Joe Doerksen: UFC Veteran Gives His Views On All Things Canadian MMA

Ed Kapp@https://twitter.com/EdKappAnalyst ISeptember 2, 2010

MONTREAL- MAY 8:  Joe Doerksen celebrates his victory over Tom Lawlor in their middleweight bout at UFC 113 at Bell Centre on May 8, 2010 in Montreal, Quebec, Canada. Joe Doerksen won the bout by KO.  (Photo by Richard Wolowicz/Getty Images)
Richard Wolowicz/Getty Images

Over the course of the last decade, Joe Doerksen has been one of Canada’s most prominent mixed martial artists.

Born and raised a few kilometres outside of New Bothwell, a rural Manitoban community that boasts a population of less than a thousand constituents, Doerksen spent portions of his time as a youth working on neighbouring farms—a practise that the 32 year old believes helped set the framework for his future career as a professional mixed martial artist.

As seasoned a veteran as almost anyone in the game, Doerksen is a veteran of nearly 60 professional bouts and has represented Canada in a number of different organizations throughout his 11 year professional career, including the UFC, the King of the Cage, the International Fight League, the World Extreme Cagefighting, and Sengoku banners.

Holding a resume that includes over 30 professional victories coming by way of submission and notable wins over Lee Murray, Denis Kang, and Patrick Cote, Doerksen has long been regarded as a pioneer of the sport of mixed martial arts in Canada and has surely been instrumental in introducing the sport to countless young Canadians and further proving to them that a Canadian can make it to the elite level of the sport.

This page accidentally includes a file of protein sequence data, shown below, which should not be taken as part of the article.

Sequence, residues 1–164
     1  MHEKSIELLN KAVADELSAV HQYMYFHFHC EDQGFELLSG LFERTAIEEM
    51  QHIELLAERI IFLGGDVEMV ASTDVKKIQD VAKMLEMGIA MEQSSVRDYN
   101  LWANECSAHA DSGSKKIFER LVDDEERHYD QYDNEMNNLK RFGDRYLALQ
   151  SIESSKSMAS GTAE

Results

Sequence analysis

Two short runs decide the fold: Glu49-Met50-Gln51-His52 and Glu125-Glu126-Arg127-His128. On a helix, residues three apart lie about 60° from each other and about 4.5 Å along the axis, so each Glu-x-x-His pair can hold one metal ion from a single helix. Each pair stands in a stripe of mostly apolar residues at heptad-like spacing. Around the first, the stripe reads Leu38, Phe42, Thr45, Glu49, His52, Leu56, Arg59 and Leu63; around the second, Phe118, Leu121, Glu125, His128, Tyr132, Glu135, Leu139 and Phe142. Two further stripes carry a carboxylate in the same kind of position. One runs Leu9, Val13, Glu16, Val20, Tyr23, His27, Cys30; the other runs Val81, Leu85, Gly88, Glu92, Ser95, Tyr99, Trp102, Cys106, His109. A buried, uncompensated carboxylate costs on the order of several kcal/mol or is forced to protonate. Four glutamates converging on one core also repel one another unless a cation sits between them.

Since mid-2008 Doerksen has been riding high on a seven fight win streak that includes stoppage victories over Izuru Takeuchi and Tom Lawlor and is currently slated to face the always tough CB Dollaway on September 25th in Indianapolis, Indiana, a bout that will be shown on Spike TV prior to the beginning of the UFC 119 broadcast on pay-per-view.

Recently the former WEC middleweight championship contender took time out of his busy training regimen to give fans of the sport an “insider’s look” at all-things Canadian mixed martial arts, including the past, present, and future of the sport in ‘The Great White North.’

Currently, Canada is represented well by many elite athletes in mixed martial arts, but in the early days of the sport Canadian competitors were few and far between. In the beginning years of your career, did you look up to any Canadian fighters as a source of inspiration?

I would probably say Carlos Newton, because he was a good grappler, which I liked, and he did well in Japan and in the UFC.

Aside from the sports incredible surge in popularity over the course of the past few years, how different is it for young Canadian mixed martial artists trying to make a name for themselves today than it was for you when you began training years ago?

I think it’s easier in some ways and more difficult in others. There are more opportunities now; more gyms and more experienced fighters to train with. It is easier to become a good fighter very quickly; however, there is more competition, as there are many more fighters in the sport.

With Georges St. Pierre currently ruling the UFC’s welterweight division, in conjunction with a number of other prominent fighters competing under the UFC banner, and countless other young competitors fighting both in North America and abroad, how do you feel about the current state of Canadian mixed martial arts?

I think things in Canada are great for mixed martial arts. There are so many great gyms and fighters, and great promotions for them to fight in.

From British Columbia to the Maritimes, there are more mixed martial arts gyms now than ever before that are churning out very talented fighters. What gym or team do you think is the best in Canada?

I think that every person will give a different answer to this question. There are probably a dozen great gyms where a world-class fighter can train and do well. It’s simply a matter of finding a place that fits the fighter’s personality.